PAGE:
The California Department of Conservation (DOC) on December 11 gave public notice of proposed emergency rulemaking to establish interim regulations governing oil and gas well stimulation under SB4. The DOC expects the interim regulations to be effective January 1, 2014.
Industry and the public will have an opportunity to submit comments on the proposed rules later this month. Continue reading
America’s increase in oil and gas production, driven primarily by fracking of shale plays, is helping to lift the nation’s exports to an all-time high and reduce the trade deficit, according to figures released last week by the Department of Commerce.
The total trade gap fell to $40.6 billion in October, the latest month for which figures are available, down $2.4 billion from the prior month and down $2 billion from October of 2012. Continue reading
The California Department of Conservation on November 27 issued an invitation for public input on the scope and content of an Environmental Impact Report (EIR) for statewide well stimulation activities, at five meetings to be held in December and January.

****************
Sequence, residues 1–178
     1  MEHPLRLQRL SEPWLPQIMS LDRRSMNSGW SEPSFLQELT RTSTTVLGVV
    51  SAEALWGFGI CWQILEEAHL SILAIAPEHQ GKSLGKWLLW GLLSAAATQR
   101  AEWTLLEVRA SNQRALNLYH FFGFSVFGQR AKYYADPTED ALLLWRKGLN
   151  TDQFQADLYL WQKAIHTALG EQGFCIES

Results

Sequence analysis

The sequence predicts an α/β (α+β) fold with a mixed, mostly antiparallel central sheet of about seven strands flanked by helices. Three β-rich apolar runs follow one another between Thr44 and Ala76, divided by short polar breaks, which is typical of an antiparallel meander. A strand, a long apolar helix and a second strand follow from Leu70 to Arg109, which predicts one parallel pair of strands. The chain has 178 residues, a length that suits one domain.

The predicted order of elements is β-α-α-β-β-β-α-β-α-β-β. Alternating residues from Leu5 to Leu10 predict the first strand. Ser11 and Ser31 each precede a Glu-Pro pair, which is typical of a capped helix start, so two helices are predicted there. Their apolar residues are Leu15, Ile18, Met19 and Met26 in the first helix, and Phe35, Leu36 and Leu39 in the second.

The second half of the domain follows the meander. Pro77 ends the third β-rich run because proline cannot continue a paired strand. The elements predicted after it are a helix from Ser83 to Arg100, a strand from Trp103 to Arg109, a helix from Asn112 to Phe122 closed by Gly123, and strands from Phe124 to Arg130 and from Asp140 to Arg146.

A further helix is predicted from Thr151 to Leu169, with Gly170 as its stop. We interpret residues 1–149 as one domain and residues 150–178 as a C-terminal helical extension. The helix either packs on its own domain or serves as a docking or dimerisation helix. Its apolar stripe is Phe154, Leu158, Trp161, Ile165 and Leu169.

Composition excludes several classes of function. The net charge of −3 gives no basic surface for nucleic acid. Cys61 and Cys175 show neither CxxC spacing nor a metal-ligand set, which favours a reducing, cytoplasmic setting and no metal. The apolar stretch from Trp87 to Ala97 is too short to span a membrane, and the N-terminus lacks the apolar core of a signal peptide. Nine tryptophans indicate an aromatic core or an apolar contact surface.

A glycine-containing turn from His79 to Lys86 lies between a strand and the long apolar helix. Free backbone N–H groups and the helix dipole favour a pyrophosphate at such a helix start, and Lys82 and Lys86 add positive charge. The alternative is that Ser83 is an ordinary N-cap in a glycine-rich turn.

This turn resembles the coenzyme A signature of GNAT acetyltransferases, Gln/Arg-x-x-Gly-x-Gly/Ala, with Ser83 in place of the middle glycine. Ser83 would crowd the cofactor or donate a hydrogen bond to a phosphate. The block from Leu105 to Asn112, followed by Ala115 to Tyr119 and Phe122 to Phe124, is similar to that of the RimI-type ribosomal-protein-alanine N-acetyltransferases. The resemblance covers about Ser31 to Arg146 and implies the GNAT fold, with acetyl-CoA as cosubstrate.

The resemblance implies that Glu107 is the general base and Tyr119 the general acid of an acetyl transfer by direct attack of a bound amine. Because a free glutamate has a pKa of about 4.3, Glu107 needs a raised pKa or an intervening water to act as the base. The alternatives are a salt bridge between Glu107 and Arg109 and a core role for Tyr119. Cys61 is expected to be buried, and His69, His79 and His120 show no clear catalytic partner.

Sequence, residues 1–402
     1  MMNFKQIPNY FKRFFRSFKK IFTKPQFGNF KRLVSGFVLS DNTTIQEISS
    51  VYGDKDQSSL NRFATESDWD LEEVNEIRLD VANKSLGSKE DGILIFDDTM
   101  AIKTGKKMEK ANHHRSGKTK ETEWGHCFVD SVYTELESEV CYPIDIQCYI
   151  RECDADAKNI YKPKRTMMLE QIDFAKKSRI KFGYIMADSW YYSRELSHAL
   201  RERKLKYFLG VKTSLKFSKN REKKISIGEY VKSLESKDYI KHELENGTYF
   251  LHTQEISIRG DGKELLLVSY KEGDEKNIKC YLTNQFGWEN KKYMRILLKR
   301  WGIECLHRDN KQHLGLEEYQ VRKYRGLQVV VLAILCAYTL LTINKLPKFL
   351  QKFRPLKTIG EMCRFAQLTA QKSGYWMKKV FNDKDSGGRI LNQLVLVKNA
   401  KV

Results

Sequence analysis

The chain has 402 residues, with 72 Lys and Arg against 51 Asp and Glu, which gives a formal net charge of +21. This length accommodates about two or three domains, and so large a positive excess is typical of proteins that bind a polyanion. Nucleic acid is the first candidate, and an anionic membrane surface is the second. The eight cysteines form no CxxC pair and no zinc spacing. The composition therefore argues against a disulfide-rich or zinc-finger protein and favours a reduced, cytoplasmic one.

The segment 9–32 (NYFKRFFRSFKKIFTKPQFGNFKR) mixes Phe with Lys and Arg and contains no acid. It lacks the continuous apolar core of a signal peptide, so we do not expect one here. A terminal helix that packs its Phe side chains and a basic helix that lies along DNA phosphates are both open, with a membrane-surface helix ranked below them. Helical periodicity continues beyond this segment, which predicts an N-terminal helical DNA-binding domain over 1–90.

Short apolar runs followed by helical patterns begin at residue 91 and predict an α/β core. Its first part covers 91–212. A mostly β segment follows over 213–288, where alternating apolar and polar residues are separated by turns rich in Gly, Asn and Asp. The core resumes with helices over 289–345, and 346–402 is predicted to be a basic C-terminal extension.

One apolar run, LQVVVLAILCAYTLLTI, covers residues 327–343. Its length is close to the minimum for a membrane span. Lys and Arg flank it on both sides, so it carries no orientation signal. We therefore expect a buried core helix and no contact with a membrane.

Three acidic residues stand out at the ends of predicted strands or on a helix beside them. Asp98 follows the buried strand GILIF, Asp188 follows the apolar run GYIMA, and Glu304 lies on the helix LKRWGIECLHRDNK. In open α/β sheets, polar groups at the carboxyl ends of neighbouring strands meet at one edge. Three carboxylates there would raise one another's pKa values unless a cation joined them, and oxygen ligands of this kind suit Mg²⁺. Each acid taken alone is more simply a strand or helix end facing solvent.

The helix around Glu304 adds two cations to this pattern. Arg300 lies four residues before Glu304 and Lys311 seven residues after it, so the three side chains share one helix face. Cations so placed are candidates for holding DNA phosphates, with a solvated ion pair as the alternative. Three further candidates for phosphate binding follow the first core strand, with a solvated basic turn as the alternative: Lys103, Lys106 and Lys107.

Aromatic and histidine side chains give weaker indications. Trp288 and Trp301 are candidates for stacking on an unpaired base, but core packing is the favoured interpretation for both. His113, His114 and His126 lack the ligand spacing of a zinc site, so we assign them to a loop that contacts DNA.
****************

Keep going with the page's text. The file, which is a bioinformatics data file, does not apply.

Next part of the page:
The EIR is mandated by SB 4. Once in draft form, the EIR will be circulated for specific comments on its analysis and conclusions. The revised schedule of dates and other details about the scoping meetings follows. For more information, visit www.conservation.ca.gov.
The California Chamber of Commerce is preparing to appeal a ruling by the Sacramento Superior Court in favor of the state’s Air Resources Board’s cap-and-trade auction.
Judge Timothy M. Frawley on Nov. 12 denied requests filed by the Chamber and the Pacific Legal Foundation to block the auctions. They had argued that the money collected via the auctions amounted to an unlawful tax, and that the ARB’s auctions were not authorized in the language of the Global Warming Solutions Act of 2006, or AB 32. Continue reading
The Los Angeles Basin, which has been the focus of intense oil and gas development activity for more than a century, still has a robust future, according to participants in a day-long conference hosted by the University of Southern California.
The November 12 forum was sponsored by the USC Energy Institute, in cooperation with the U.S. Geological Survey.
A report distributed by the USGS estimates that 1.4 to 5.6 billion barrels of additional recoverable oil remain in 10 Los Angeles Basin fields analyzed by the agency’s staff, with a mean estimate of 3.2 billion barrels.